For something to be sacred there needs to be evidence that there are gods. If we are to treat any thoughts of a personal nature as venerated (great respect; reverence) then those thoughts are open to scrutiny. Veneration does not mean ‘free hall pass’ or anything even close to similar. This no more true than when we see a group claim the right of veneration for their personal beliefs in the same breath as they denigrate the personal beliefs of others. (just look what one sect says about another)

    If a belief is worthy of veneration and qualification as sacred then it will withstand the scrutiny of others and the reverence due the belief will be self evident. When respect has to be demanded then the respect is not deserved.

    There is nothing sacred on the playground no matter how many school yard bullies say there is. Saying something is true does not make it so.

    Nothing is sacred.

    • Wow. Love it. Thank you!! I have nothing more to say than that I accept the as above as a truthful contribution to the discussion at hand.

      However, Jasonjshaw above had an interesting unpacked definition of “sacred” that I can also agree on. Thoughts on that?

      • On confusing truth and belief: Truth is part of reality. Any belief that is true is not belief but truth. No part of reality is deserving of veneration above other parts of reality for that would denigrate or belittle some portion of reality. By whose value judgements are we to decide that some part of reality is less worthy or valuable than other parts?

        To venerate belief as part of reality is to elevate belief above what there is evidence to support. By definition, belief cannot have credible evidence, where belief is blindly accepting statements without evidence.

        Veneration of belief without evidence for the worthiness of such veneration is the same as belief and not part of reality. There is nothing sacred.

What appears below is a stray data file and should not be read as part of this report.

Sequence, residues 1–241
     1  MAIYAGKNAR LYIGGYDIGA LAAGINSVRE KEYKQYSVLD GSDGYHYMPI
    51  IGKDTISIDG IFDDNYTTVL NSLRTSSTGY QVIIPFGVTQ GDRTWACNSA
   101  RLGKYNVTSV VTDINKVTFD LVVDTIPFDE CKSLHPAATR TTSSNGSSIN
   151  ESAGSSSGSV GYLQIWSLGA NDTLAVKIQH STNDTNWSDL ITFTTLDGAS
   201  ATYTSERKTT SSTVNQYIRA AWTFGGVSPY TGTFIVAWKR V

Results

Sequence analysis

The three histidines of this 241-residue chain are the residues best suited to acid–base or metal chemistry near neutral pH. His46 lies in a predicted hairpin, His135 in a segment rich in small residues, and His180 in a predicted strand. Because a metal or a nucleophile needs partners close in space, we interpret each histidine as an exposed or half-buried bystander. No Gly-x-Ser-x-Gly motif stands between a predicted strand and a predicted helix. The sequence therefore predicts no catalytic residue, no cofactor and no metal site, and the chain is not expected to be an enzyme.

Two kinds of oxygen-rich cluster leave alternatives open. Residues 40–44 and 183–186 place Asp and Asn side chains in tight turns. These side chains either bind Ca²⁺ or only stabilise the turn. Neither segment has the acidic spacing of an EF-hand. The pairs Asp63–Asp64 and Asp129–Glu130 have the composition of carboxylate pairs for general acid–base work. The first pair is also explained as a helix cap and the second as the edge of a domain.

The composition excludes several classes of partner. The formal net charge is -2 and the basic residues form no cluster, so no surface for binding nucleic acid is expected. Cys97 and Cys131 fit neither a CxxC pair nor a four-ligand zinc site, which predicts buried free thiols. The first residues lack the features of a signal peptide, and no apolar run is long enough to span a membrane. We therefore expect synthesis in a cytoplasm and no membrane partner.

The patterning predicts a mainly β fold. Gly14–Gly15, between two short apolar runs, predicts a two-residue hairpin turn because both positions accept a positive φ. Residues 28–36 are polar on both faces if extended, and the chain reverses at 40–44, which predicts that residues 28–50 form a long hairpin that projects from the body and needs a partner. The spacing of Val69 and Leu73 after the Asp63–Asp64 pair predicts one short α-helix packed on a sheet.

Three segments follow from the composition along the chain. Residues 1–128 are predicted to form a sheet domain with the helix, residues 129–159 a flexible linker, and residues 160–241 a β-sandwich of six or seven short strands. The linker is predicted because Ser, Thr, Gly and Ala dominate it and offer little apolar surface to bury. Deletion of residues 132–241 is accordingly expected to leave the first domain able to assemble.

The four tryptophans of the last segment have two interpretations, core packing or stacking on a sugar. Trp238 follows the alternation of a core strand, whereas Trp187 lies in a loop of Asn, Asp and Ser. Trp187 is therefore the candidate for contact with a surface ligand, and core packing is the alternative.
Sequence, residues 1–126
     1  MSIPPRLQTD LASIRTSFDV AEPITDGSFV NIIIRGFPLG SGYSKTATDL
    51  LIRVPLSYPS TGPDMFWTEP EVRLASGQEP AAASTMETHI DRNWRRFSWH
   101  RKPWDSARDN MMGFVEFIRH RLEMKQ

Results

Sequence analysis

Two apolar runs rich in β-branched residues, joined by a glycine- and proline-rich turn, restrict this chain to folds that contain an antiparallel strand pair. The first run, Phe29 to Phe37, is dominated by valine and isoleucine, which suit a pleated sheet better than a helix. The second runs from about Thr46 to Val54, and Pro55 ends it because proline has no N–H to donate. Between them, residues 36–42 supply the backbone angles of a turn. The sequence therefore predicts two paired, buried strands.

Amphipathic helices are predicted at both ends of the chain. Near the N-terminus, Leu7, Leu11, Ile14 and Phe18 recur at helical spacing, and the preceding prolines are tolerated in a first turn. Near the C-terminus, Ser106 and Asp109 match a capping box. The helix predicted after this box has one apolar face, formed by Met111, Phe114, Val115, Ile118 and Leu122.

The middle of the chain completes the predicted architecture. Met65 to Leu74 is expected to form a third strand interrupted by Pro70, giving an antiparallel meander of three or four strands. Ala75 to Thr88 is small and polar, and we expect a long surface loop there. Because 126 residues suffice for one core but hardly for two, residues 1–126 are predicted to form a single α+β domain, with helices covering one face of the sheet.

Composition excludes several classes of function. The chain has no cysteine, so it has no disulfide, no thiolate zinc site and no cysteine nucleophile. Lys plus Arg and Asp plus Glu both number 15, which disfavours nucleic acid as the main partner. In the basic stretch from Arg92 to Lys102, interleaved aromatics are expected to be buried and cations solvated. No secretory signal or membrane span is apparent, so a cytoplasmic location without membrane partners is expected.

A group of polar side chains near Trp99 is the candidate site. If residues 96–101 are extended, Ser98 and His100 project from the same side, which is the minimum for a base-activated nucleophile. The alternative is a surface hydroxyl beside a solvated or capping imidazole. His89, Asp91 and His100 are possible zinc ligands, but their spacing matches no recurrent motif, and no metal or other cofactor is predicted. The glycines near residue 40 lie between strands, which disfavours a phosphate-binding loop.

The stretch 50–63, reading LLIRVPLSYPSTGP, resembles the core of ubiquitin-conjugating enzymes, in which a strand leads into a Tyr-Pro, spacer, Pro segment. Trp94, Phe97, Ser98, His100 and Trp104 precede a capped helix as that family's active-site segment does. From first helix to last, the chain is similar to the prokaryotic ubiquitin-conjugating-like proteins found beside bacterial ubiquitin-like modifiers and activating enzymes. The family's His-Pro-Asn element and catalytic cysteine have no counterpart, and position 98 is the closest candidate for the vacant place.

Demanding reverence or respect for a belief is little more than pouting on the playground because you can’t be ‘special’ … Any belief you have that you feel is sacred should be so self evidently.

        I believe there is a huge 9 foot tall invisible purple toad that follows people everywhere they go writing down what happens. If you believe that this is not worthy of veneration then you must explain why the belief that a man god orchestrated his own cruel death to save others from the curse he put on them himself should be venerated. Having a belief on it’s own does not make it worthy.

        A stroll through the insane asylum will show you that believing in gods does nothing useful.

        There is nothing sacred.

      • Hm.

        This may be where we part in agreement, which is fine and OK. πŸ™‚ We all still contribute to understanding by conversing, I feel.

        Although I agree with much of what you said, epistemologically I see too much of a difference between evidence and proof. Even if evidence gets us to a 95% assuredness, and yes we can safely live our lives with the comfort of that assuredness, there still remains the 5% which I will personally always be open to finding.

        I do not have a problem with living gnostically, but that is there choice and not the path I choose to take. I can not live my life thinking I know something, when in reality I am 95% certain and rounding up and continuing on pragmatically as if it was 100% proven, because odds are in my favor.

        Hope any of that makes sense, but feel free to correct me if it doesn’t, please. πŸ™‚

      • nikeyo,
        Yes it make sense… if you will tell me that you’re not sure that every rock you will kick with bare foot will not hurt you.

        If indeed we live in a simulation we are trapped in it. Without evidence it does not exist. Possibility does not equate to probability.

      • Every is a strong truth statement. Tiny unjadded rocks don’t hurt if my feet are callous or strong enough to take it. πŸ˜‰ I did not deny to fact of proofs, only that there are many that are not 100%s that many hold are.

        I’m a numbers person, if you can’t tell, also. πŸ˜‰

      • The argument is about 100% truth… I only offer a view of reality. If you choose to change the rock size you change the argument. If belief is only small rocks, is it really what it is claimed to be?

      • Nah, I just crave truth. So when you say words like “every” and “rocks,” my logical mind needs full understanding before answering.

        Cause I’m a nit-picky little twat like that, I know. πŸ˜‰